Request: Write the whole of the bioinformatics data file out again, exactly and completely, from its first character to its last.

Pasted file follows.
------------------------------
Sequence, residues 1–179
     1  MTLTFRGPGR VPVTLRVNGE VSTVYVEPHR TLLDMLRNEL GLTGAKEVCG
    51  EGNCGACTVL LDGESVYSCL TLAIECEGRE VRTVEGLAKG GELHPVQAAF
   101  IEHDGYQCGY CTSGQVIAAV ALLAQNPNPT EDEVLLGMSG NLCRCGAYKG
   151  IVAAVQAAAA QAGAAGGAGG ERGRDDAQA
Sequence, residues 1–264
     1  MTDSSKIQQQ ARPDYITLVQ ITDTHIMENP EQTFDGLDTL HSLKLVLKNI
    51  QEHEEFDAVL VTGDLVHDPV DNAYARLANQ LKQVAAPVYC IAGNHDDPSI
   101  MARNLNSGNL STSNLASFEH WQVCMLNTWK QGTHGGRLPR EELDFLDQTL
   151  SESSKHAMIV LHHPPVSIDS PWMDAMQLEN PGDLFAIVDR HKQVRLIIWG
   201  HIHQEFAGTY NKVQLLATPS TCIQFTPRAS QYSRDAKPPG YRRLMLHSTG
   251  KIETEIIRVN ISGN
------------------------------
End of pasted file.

Sequence, residues 1–179
     1  MTLTFRGPGR VPVTLRVNGE VSTVYVEPHR TLLDMLRNEL GLTGAKEVCG
    51  EGNCGACTVL LDGESVYSCL TLAIECEGRE VRTVEGLAKG GELHPVQAAF
   101  IEHDGYQCGY CTSGQVIAAV ALLAQNPNPT EDEVLLGMSG NLCRCGAYKG
   151  IVAAVQAAAA QAGAAGGAGG ERGRDDAQA
Sequence, residues 1–264
     1  MTDSSKIQQQ ARPDYITLVQ ITDTHIMENP EQTFDGLDTL HSLKLVLKNI
    51  QEHEEFDAVL VTGDLVHDPV DNAYARLANQ LKQVAAPVYC IAGNHDDPSI
   101  MARNLNSGNL STSNLASFEH WQVCMLNTWK QGTHGGRLPR EELDFLDQTL
   151  SESSKHAMIV LHHPPVSIDS PWMDAMQLEN PGDLFAIVDR HKQVRLIIWG
   201  HIHQEFAGTY NKVQLLATPS TCIQFTPRAS QYSRDAKPPG YRRLMLHSTG
   251  KIETEIIRVN ISGN